"This is my office, and these are my deputy prosecutors, and we should have filed a charge of violation of a protective order," Dvorak said. "We would have if we would have done more than a cursory review of the evidence." Dvorak blamed the deputy prosecutor for failing to locate the file containing the outstanding protective order against Mwaura. "This DPA failed to exercise the thoroughness expected, particularly in crimes with women and children as victims of domestic abuse," Dvorak.
This case doesn't reveal whether case workers for the Department of Child Services failed in any way to help protect this child; however, another case that originated in South Bend with ties to Indianapolis is troubling. In a separate story, The Tribune reports on the case of a 4-year old boy that everyone agrees has been subject to abuse. The boy's father, David Weist, was granted sole custody of his son after a DCS investigation revealed that his mother, who resided in Indianapolis, had abused him. Because the abuse occurred in Marion County, that's where the abuse case was referred by authorities. Although a CPS report stated that the child would not be returning to his mother's care at the time the father was granted sole custody, that's not how things turned out.
A year ago, the mother filed a petition in the Marion County Circuit Court to re-establish her visitation rights. The court granted her limited supervised visitation rights initially that could be expanded to weekend visitation and gradually growing until the visitations encompassed the entire weekend. According to the father, the boy was returned to his care upset and bruised after the first visit. Weist hired an Indianapolis attorney, who attempted to get an emergency order ending the mother's visitation rights. To their disappointment, a DCS caseworker failed to testify at the emergency hearing according to a spokesperson because of lack of sufficient notice. The mother blamed the father for the injuries, and the judge ruled there was a lack of evidence to conclude who had caused the injuries so the mother's visitation rights should remain in place. Quoting from the order, The Tribune reports:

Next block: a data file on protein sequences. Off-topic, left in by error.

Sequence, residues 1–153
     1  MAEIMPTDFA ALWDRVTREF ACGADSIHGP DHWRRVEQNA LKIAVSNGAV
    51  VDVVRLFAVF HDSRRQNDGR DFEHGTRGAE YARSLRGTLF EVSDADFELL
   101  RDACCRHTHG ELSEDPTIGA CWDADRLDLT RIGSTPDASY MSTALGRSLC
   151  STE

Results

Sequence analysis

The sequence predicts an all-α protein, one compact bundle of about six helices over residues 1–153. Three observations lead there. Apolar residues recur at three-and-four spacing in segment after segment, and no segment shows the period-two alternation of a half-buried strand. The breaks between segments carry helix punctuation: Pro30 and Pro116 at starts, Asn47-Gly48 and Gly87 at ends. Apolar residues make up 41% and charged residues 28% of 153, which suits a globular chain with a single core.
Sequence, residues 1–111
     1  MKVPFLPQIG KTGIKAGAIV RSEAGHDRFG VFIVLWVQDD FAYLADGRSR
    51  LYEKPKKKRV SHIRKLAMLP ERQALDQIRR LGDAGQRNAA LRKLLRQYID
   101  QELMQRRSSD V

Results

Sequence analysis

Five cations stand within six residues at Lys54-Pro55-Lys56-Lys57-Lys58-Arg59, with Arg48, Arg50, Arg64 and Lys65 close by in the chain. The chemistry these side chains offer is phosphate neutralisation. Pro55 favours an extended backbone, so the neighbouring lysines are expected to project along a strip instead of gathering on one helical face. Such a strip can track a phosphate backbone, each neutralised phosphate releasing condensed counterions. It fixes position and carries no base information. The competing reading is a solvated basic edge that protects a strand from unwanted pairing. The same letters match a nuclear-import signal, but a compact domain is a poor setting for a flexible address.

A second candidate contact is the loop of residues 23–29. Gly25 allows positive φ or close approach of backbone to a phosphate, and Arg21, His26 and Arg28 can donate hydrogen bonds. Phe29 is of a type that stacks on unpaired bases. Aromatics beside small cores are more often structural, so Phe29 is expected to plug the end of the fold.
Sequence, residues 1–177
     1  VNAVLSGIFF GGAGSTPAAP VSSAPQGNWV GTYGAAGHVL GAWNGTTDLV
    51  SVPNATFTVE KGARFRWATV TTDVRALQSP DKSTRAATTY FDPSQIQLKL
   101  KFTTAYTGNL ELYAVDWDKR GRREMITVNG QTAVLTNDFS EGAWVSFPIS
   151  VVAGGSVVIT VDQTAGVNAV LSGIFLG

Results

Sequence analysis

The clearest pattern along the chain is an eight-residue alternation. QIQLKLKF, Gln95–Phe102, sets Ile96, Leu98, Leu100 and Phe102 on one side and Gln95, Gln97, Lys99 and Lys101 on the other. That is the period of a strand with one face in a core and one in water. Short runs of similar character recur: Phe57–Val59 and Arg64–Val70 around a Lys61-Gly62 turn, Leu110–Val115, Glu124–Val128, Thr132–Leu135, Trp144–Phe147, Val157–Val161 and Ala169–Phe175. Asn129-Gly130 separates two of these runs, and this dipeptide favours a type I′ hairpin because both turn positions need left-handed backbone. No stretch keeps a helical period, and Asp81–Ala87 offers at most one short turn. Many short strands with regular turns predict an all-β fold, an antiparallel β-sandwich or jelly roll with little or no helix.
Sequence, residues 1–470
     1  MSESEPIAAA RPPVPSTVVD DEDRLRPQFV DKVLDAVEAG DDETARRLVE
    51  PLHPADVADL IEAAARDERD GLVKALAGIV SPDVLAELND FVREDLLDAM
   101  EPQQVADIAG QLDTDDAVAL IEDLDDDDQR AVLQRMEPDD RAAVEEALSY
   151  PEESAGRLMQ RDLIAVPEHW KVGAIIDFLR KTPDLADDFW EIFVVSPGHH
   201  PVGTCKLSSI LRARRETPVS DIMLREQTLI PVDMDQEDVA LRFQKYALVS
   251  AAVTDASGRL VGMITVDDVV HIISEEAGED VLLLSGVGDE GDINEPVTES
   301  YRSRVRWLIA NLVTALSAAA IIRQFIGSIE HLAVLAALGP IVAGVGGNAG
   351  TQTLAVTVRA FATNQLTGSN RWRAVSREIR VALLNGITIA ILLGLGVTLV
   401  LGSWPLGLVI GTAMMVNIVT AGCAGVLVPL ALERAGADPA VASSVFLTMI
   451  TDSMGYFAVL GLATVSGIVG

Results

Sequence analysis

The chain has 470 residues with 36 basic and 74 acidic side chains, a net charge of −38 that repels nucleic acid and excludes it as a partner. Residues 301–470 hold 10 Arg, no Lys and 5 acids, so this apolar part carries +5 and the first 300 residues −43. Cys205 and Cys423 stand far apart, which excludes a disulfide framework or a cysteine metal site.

"The evidence presented today convinces me that the child has suffered some injuries," Commissioner Mark Renner wrote in his May 13 order, signed as approved by Judge Louis Rosenberg. "Unfortunately, what I believe ... is that the child caused these injuries to himself. ... It is a very sad event, a horribly sad event ...
"I cannot find that the mother caused injury to her child," he continued. "I am not saying there's not additional evidence that may be available to CPS and law enforcement that I'm not privy to, but based on what I have in front of me today I cannot find that the mother did these things."The father claims that his son has returned an emotional wreck following subsequent visits but showed no signs of bruising or other signs of physical abuse. The father's attorney has filed for a change of judge according to The Tribune. "The judge made it perfectly clear that if he doesn't take him (to visit his mother), he'll take custody from him," Copenhaver says of her husband.
"Yet," Weist says, shaking his head, "I can't protect him."